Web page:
Urban streams across the USA: Lessons learned from studies in 9 metropolitan areas

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Studies of the effects of urbanization on stream ecosystems have usually focused on single metropolitan areas. Synthesis of the results of such studies have been useful in developing general conceptual models of the effects of urbanization, but the strength of such generalizations is enhanced by applying consistent study designs and methods to multiple metropolitan areas across large geographic scales. We summarized the results from studies of the effects of urbanization on stream ecosystems in 9 metropolitan areas across the US (Boston, Massachusetts; Raleigh, North Carolina; Atlanta, Georgia; Birmingham, Alabama; Milwaukee-Green Bay, Wisconsin; Denver, Colorado; Dallas-Fort Worth, Texas; Salt Lake City, Utah; and Portland, Oregon). These studies were conducted as part of the US Geological Survey's National Water-Quality Assessment Program and were based on a common study design and used standard sample-collection and processing methods to facilitate comparisons among study areas. All studies included evaluations of hydrology, physical habitat, water quality, and biota (algae, macroinvertebrates, fish). Four major conclusions emerged from the studies. First, responses of hydrologic, physical-habitat, water-quality, and biotic variables to urbanization varied among metropolitan areas, except that insecticide inputs consistently increased with urbanization. Second, prior land use, primarily forest and agriculture, appeared to be the most important determinant of the response of biota to urbanization in the areas we studied. Third, little evidence was found for resistance to the effects of urbanization by macroinvertebrate assemblages, even at low levels of urbanization. Fourth, benthic macroinvertebrates have important advantages for assessing the effects of urbanization on stream ecosystems relative to algae and fishes. Overall, our results demonstrate regional differences in the effects of urbanization on stream biota and suggest additional studies to elucidate the causes of these underlying differences. © North American Benthological Society.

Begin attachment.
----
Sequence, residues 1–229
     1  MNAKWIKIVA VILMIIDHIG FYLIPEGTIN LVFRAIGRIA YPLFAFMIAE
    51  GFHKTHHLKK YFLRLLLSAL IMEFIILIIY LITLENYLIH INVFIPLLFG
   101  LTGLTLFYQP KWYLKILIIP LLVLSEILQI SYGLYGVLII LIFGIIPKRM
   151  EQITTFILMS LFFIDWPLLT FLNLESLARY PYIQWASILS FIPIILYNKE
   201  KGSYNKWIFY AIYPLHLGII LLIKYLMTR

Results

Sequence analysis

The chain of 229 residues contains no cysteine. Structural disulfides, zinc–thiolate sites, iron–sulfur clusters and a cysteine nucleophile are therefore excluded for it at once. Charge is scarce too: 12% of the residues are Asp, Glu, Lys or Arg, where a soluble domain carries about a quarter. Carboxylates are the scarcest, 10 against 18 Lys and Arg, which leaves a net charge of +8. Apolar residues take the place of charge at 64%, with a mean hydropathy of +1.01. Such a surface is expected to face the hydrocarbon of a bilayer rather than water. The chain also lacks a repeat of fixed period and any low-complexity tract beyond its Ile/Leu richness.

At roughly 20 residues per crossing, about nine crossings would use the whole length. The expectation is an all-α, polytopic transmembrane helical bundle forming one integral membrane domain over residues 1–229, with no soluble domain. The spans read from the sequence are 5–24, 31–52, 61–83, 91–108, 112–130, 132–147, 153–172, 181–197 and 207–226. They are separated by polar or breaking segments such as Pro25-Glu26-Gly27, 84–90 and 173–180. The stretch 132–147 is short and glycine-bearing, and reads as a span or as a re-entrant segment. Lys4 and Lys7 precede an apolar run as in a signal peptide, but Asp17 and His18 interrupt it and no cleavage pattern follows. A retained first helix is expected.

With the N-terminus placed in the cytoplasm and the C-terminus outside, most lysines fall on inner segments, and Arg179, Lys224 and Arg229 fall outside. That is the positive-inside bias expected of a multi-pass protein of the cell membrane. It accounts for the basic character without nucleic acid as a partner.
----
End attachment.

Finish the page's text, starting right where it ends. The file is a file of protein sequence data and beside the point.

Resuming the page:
Brown, L. R., Cuffney, T. F., Coles, J. F., Fitzpatrick, F., McMahon, G., Steuer, J., … May, J. T. (2009). Urban streams across the USA: Lessons learned from studies in 9 metropolitan areas. Journal of the North American Benthological Society, 28(4), 1051–1069. https://doi.org/10.1899/08-153.1

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